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How to Deal With Migraines at Work

12 Apr. 2022
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Being prone to migraines means that you always have to be on your toes. You never know when you’ll have an attack. Coping with migraines can be extremely difficult. But getting migraines at work can be gruesome cause most of the time you can’t find isolation. Migraines can seriously mess up your professional schedule. That’s why people prone to migraines who get attacks during office hours prefer having a flexible schedule.

When a migraine hits you at home you can simply take painkillers, turn down the lights, get into bed, and then wait for it to go away. But, at the office, you have to bear the pain until it’s time to go. The majority of people with migraines can function properly during an attack. It is extremely hard to concentrate on the task at hand when your head is throbbing with unbearable pain. The stigma that surrounds migraine also makes it hard to cope with an attack. It can be hard to explain to your employers and coworkers why you can’t get any work done.

Are you also someone who gets migraine attacks during your work hours? Here are a few tips that will help you deal with a migraine attack at work:

1. Have a Plan 

If you get your migraine attacks during certain hours of the day then it is better to have a plan. Organize your schedule according to it. Prioritize tasks that can’t be put on hold. Try to scratch as many tasks off your to-do list as you can. Also, plan an Uber ride, if you are unable to drive during your attacks. You can also ask someone you trust to take over whenever you are hit by a migraine.

2. Inform Your Boss

Migraine symptoms don’t manifest themselves like cold or fever. They are practically invisible. The person sitting next to you could be having migraine without you knowing it. It is easy to stigmatize something you can’t see. That’s why we often see people writing off migraine as a simple headache.

The best way to deal with such a situation is to inform Human Resources (HR) and your manager. So, whenever you’re hit by an attack you can easily come clean to your boss instead of making excuses. You should also turn in a doctor’s note that explains the complexities of migraine and how it affects your professional performance.

3. Invest Your Time In Stress Management

The main trigger for migraines is usually stress. A usual hectic day at the office is enough to trigger a migraine. Then add on top of it mounds of deadlines and a difficult boss, It can lead to a chronic migraine attack. Some simple stress-management tips and exercise can reduce work-related stress. All it takes is a few tweaks here and there in your routine to reduce the frequency of migraine attacks.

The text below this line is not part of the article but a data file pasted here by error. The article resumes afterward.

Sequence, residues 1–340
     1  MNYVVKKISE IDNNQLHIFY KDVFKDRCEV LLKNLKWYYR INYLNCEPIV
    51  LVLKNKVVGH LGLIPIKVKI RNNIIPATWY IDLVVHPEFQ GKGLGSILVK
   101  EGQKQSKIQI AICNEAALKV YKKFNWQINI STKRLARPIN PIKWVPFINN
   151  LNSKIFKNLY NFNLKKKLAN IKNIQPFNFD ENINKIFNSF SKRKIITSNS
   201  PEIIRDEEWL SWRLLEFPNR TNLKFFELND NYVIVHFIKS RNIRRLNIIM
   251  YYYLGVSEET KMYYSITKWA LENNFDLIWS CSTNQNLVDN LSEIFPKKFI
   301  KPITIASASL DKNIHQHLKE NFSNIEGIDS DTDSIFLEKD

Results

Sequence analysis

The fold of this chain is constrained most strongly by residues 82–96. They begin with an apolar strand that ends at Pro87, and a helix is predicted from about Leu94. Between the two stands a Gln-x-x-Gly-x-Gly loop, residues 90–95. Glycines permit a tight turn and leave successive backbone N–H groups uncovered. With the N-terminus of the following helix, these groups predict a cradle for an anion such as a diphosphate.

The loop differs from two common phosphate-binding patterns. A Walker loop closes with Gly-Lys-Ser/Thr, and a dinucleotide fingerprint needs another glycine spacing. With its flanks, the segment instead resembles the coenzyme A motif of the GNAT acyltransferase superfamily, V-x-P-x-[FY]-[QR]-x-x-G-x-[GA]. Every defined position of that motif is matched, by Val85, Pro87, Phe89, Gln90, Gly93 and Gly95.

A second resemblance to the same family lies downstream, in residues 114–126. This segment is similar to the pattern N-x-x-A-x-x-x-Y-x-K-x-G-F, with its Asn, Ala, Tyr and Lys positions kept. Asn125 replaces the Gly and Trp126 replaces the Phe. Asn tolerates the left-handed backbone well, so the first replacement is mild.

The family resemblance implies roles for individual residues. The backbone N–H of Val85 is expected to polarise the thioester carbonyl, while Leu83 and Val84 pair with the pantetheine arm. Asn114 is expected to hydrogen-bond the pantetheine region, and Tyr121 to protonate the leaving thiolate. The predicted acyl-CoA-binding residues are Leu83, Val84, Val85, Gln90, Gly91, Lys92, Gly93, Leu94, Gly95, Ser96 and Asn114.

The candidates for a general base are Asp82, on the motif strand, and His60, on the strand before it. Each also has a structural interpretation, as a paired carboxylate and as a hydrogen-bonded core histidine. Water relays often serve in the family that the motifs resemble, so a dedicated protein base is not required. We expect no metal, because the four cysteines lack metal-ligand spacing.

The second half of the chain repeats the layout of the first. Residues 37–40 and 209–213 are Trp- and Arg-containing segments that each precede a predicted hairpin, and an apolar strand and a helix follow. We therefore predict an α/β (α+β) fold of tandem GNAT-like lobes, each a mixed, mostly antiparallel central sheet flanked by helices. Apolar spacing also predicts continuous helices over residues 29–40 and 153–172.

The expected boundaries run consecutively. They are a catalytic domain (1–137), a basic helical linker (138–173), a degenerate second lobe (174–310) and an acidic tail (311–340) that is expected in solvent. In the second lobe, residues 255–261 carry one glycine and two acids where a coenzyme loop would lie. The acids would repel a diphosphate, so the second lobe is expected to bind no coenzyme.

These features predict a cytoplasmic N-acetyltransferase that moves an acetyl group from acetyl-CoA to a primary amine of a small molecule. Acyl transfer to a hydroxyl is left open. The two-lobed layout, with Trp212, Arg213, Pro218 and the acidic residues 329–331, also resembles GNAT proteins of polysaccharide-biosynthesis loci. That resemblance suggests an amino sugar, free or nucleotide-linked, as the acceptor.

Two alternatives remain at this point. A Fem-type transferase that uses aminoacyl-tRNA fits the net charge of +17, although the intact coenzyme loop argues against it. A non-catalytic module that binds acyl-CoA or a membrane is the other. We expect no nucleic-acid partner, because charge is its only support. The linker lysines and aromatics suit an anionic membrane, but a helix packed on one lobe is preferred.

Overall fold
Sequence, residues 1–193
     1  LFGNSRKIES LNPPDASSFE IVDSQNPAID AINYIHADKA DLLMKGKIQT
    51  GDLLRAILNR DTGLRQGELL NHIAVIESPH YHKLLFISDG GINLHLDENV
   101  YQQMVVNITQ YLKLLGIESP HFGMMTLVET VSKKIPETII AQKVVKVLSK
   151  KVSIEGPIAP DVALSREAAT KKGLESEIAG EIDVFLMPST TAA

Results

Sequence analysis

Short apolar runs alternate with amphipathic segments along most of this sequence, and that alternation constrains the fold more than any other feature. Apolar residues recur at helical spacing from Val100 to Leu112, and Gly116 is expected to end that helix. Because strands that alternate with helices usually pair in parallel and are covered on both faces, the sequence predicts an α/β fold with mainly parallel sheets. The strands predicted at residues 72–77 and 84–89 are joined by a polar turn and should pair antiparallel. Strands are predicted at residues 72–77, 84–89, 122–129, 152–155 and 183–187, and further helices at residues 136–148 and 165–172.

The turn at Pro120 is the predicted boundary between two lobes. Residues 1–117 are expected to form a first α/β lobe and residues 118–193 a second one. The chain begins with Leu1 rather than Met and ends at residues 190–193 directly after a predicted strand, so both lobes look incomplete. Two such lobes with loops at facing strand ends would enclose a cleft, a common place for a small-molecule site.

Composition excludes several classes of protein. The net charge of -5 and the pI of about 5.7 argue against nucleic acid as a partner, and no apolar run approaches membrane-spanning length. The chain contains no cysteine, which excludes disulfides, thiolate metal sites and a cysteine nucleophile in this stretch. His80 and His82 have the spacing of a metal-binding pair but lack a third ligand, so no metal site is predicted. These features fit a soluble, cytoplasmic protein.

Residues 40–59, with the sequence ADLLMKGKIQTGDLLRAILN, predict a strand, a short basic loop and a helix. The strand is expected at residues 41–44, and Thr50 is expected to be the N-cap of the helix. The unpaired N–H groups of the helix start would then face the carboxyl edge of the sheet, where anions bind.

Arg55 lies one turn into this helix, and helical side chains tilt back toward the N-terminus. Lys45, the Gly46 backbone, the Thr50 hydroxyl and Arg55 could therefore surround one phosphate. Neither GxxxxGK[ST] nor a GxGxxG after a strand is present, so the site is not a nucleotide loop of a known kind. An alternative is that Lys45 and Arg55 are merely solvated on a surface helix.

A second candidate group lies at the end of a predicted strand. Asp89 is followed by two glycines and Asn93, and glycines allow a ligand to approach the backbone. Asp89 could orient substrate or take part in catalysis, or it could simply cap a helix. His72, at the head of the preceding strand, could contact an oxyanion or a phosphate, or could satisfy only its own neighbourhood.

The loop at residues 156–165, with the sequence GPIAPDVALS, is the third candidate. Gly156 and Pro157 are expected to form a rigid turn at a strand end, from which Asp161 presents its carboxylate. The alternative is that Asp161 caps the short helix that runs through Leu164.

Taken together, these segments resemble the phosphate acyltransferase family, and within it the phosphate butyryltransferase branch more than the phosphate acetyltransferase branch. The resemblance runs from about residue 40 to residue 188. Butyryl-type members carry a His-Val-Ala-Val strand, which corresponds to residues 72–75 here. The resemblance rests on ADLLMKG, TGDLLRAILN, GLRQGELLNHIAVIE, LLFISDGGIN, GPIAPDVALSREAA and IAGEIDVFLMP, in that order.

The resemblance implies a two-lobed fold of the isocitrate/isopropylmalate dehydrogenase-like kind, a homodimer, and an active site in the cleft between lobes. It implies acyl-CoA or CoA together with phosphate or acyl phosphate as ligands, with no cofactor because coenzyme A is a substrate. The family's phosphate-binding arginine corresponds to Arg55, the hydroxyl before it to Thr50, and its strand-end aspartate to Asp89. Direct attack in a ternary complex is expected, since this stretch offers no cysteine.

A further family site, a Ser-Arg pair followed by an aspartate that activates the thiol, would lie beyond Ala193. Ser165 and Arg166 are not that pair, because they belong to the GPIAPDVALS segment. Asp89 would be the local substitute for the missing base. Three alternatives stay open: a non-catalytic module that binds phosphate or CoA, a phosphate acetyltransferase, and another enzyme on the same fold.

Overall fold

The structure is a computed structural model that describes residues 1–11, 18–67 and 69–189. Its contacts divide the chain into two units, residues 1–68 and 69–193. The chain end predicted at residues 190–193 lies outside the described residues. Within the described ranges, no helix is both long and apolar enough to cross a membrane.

Form habits that help you relieve stress. Here are a few simple tips that work for everyone:

Take 5-Minute Breaks

Take small breaks throughout your working hours to stretch, walk, and meditate. Taking a break unwinds your mind and takes off unnecessary stress.

Break It Down

Instead of taking on a big project all at once, try breaking it down into smaller chunks. The task will seem less daunting and appear to be more manageable.

Learn To Speak Up

If you have any problems at your workplace or any other grievances, discuss them with your manager, HR, or a trustworthy coworker.

Choose Therapy

If your stress seems to be unmanageable, it is better to go to a therapist. Seek advice from a mental health professional instead of trying to cope with it all by yourself.

4.Control Your Triggers

Migraine can be triggered by several stimuli. For instance, bright lights, certain smells, or loud noises. Try to avoid your triggers as much as you can. Talk to your manager about reducing any possible migraine triggers from your workspace. Here are a few tips that will help you avoid possible migraine triggers surrounding you:

Use Dim Lights

Whether it’s your mobile phone, laptop, or any other device, always use it on low-brightness settings. If your workspace has bright lights that may trigger migraine attacks, ask your manager to switch to lights with lower-watt lights.

Opt For Lower Volumes

If you have an office, reduce sensory stimuli by closing the door. If you work in a cubicle then ask your manager to make the walls sound-proof or simply extend the walls upwards. If nothing else works then you can simply wear noise cancelling headphones or ear-plugs.

Avoid Strong Odours

Avoid wearing strong perfumes and ask your co-workers to do the same. If the cleaning crew at your office uses strong-smelling chemicals, ask your manager to have them changed. Also, explain your sensitivity to certain triggers to the HR.

Final Word

Migraines attack not only your body but your whole life. It disrupts your schedule, makes you lose precious time, and sets you back compared to other co-workers. Not to mention, the pain and the auras are so severe that you can’t focus on the task at hand. Most of the time a migraine attack will send you running to your home so that you can wait for it to go away. But, you can reduce the frequency of the attacks by making your environment better for your well-being. And keep yourself prepared for the worst.

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